The Great Xanadu of Race Politics

mixed-raceI’ve been in the practice of storytelling through art since elementary school. I didn’t begin to tell my own story, however, until graduate school, where I wrote about the adventures of a dark-skinned mixed boy and a Russian-American girl in rural Kansas. After two years of study, I managed to complete my thesis, but was well short of a finished first draft.

After spending several more years writing a mixture of what could be described as The Little Prince meets Pedro Paramo, I realized the main character’s search for identity and purpose in a world that regarded him as anomalous because of his skin color and unorthodox beliefs were, in essence, my own.

Knowing my heritage, I managed to confounded the color line and mass-mediated stereotypes as a child. “You don’t sound Black” and “You are not the usual Black” are comments I’ve heard most often, the runners up being: “I can tell you’re mixed because your hair is different” or “What country are you really from?”

I’ve developed a series of responses over the years—some of which mention I’m of African, Cherokee, and Scottish ancestry—but, no matter how I respond, I always wonder why people from seemingly all backgrounds police Black identity so zealously, especially in regard to dark-skinned people of African descent.

An ex-girlfriend was of a similar mix type, but her appearance was notably different than mine. She had pale skin, blue eyes, and straightened brown hair with natural blonde highlights. I identified as mixed because of my upbringing and knowledge of my ancestry; she identified as Black because of her upbringing, adherence to the one-drop rule, and what I assume to be disinterest in her Native and Anglo ancestries. While our inevitable split was not due solely to identity politics, the policing of Blackness played a large part in our relationship’s demise.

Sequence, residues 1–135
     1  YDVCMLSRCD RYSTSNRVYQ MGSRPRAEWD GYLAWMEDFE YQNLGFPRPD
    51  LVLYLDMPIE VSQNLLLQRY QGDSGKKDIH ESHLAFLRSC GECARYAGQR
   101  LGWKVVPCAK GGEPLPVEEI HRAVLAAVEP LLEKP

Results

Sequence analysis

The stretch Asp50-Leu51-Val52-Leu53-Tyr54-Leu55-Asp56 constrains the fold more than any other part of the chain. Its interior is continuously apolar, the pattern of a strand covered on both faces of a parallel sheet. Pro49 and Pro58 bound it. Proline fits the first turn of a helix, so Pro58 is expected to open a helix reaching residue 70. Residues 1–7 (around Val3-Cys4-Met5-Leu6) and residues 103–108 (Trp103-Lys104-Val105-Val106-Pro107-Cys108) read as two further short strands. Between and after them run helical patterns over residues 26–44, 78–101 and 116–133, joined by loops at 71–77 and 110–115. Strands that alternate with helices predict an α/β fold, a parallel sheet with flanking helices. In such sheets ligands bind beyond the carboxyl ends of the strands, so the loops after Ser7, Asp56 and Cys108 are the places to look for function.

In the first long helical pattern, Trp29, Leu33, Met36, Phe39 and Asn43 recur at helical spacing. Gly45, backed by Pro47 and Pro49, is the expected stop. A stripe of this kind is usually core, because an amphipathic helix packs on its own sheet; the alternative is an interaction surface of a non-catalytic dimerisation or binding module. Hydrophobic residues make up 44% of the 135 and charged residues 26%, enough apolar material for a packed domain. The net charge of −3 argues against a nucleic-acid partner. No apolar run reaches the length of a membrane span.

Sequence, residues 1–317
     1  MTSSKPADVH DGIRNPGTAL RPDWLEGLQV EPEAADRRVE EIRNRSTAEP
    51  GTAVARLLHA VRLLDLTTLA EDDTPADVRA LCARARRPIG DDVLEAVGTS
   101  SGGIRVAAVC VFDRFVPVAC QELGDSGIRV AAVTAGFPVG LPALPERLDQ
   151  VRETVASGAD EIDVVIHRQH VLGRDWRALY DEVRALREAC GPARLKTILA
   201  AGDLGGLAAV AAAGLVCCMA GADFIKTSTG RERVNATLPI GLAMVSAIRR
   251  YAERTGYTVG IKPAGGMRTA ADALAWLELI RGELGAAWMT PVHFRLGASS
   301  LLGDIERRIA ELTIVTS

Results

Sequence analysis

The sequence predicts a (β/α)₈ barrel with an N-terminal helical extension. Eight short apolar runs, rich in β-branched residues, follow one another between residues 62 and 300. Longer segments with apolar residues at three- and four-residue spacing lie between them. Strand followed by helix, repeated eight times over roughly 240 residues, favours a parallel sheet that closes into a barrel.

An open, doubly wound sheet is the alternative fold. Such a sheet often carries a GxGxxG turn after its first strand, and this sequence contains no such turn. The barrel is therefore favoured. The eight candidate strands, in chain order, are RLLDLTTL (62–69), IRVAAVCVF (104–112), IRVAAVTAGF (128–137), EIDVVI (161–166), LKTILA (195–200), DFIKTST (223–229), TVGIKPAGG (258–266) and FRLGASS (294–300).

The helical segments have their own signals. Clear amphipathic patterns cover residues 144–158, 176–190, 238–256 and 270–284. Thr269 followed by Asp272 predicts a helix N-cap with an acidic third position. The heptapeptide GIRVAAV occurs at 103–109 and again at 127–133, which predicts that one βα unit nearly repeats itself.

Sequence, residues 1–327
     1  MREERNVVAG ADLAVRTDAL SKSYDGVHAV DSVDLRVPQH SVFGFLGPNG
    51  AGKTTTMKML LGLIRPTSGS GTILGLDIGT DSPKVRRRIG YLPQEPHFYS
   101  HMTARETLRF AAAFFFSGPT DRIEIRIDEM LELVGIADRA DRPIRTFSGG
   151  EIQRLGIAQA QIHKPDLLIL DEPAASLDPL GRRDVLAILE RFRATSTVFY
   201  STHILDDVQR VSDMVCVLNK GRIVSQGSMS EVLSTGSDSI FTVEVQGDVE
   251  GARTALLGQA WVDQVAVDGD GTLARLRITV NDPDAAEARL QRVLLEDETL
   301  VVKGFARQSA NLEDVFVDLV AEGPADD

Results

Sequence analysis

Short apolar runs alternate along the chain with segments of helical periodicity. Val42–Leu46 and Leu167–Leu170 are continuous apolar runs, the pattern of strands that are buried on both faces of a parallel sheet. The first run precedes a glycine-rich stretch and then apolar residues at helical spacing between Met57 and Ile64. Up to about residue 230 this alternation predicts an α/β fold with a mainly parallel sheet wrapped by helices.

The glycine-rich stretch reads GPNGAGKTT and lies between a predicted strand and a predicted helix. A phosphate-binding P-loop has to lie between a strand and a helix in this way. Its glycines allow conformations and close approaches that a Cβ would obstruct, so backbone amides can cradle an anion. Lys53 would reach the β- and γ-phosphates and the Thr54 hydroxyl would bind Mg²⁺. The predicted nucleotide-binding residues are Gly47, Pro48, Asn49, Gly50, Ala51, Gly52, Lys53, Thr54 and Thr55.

Until recently, I was in the occasional habit of defending my ancestries with genealogical records, DNA test results, and family photographs, but I stopped all together because the act of proving serves to trivialize my experience and existence. I also stopped because identity police are annoying. Now I tell them “I am who my ancestors are” and let their minds silently explode.

The novel I mentioned earlier has actually become a memoir in verse even though the characters and happenings are fictional. If the concept of a poetic fictional memoir seems contradictory, blame artistic license, cultural inheritance, and the subversive nature of poetry. I was brought up to know storytelling is more about getting to the underlying truth than simply relating details. Given that, I’ve come to realize the concept of being both dark skinned and mixed is difficult to convey accurately without writing about in academic detail the usual suspects of colonialism, colorism, racism, and general human cruelty. Writing my truth in essence seems more natural and meaningful beyond mere details of record, and has become an effective way to transcend identity politics.

F3b1 haplogroup

My Mother’s Haplogroup – Region: Southeastern Asia

Along for the Ride?

A few months ago I visited Cannery Row with my girlfriend on a marvelous sunny day. We ate fine food, listened to live jazz on the plaza while enjoying a view of Monterey Bay, window shopped expensive underwater camera equipment, and walked Ocean View Avenue with droves of other tourists; yet, I felt a lingering sadness. The Depression-era Row, “the poem and the Cannery Rowstink and the grating noise,” Steinbeck wrote about, came to mind as we walked by the older architecture and imagery. Perhaps the novel and my general knowledge of Ocean View Avenue influenced my immediate feelings, but the melancholy seemed to reach beyond that, beyond the restaurants, gift shops, cafes, hotels, and salons to a history of haves and have nots.